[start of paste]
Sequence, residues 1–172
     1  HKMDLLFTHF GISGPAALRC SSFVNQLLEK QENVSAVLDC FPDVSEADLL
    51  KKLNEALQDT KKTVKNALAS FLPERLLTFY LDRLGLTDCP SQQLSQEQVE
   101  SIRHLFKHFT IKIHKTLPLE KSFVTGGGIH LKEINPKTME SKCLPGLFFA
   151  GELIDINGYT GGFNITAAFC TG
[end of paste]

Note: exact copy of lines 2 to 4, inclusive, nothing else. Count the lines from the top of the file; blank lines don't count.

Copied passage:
     1  HKMDLLFTHF GISGPAALRC SSFVNQLLEK QENVSAVLDC FPDVSEADLL
    51  KKLNEALQDT KKTVKNALAS FLPERLLTFY LDRLGLTDCP SQQLSQEQVE
   101  SIRHLFKHFT IKIHKTLPLE KSFVTGGGIH LKEINPKTME SKCLPGLFFA